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Wax comment`

I've spent lots of money trying diferent waxes. In 1990, i bought my first black car and swore by standard Maquires classic red in the maroon bottle. Used it for 8 years, my only deviation being Zymol, which for some reason I never used again. (guess I thought it was hard to take off). Then I tried Maguires Gold. Wow...went on easier than classic red, came off easy, less dust, better shine....all on a black car. Next time I waxed....I did both cars....a black Grand Cherokee with Maguires Gold and a Sienna Minivan with Maguires classic red.
Gold was easier to use. Both beaded. However in 4-6 weeks, gold stopped beading and red was STILL beading. I though Gold was a "durability" ripoff, so I wrote Maguires. They said " Gold was not intended to bead....but rather to "sheet". I still use it but question if beading vs Sheeting has any durability merrit or is just BS. FYI, Maguires offered me a refund...but I did not take them up on it.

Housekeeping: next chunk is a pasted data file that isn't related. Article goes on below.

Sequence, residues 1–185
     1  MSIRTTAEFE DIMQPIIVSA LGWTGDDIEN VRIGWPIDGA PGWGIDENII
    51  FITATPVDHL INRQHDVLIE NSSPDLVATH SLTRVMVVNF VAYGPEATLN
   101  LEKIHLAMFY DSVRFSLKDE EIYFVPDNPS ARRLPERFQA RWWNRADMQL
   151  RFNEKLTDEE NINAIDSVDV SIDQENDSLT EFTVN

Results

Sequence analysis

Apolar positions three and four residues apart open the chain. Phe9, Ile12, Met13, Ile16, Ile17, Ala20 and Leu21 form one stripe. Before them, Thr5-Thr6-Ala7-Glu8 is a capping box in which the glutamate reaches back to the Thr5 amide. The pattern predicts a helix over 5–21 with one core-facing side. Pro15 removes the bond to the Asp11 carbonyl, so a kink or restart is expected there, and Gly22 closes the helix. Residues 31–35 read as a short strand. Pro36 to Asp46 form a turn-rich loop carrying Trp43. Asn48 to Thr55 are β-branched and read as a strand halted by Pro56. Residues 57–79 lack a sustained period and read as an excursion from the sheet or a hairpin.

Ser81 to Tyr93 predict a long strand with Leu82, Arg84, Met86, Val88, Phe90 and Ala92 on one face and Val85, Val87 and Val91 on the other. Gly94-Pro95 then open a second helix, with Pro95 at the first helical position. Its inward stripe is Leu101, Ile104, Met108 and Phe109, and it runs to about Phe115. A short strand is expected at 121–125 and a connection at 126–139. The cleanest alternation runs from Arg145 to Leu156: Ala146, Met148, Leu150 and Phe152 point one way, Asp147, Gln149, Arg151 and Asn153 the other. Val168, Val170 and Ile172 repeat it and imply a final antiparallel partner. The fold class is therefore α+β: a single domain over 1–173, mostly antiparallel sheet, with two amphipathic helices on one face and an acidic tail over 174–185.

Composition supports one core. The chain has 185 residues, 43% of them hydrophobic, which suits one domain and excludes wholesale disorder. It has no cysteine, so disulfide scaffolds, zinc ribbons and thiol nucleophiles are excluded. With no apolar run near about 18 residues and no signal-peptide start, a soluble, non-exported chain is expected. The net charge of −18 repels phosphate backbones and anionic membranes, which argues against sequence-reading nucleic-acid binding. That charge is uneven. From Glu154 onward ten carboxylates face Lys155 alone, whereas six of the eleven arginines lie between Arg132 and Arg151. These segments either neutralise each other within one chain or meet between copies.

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Re: Wax comment`

mikmax1 said:
I've spent lots of money trying diferent waxes. In 1990, i bought my first black car and swore by standard Maquires classic red in the maroon bottle. Used it for 8 years, my only deviation being Zymol, which for some reason I never used again. (guess I thought it was hard to take off). Then I tried Maguires Gold. Wow...went on easier than classic red, came off easy, less dust, better shine....all on a black car. Next time I waxed....I did both cars....a black Grand Cherokee with Maguires Gold and a Sienna Minivan with Maguires classic red.
Gold was easier to use. Both beaded. However in 4-6 weeks, gold stopped beading and red was STILL beading. I though Gold was a "durability" ripoff, so I wrote Maguires. They said " Gold was not intended to bead....but rather to "sheet". I still use it but question if beading vs Sheeting has any durability merrit or is just BS. FYI, Maguires offered me a refund...but I did not take them up on it.
Hey mikmax1,

I've been a long time user of Meguiar's waxes too. I started out with their Cleaner Wax in the red bottle, and I've also used their Carnuba, which I really liked. Lately, I've been using the Gold Class also. I've never taken notice to beading vs. sheeting, but I did put a coat on the Pilot this weekend, so I'll have to pay closer attention if it ever decides to rain around here again.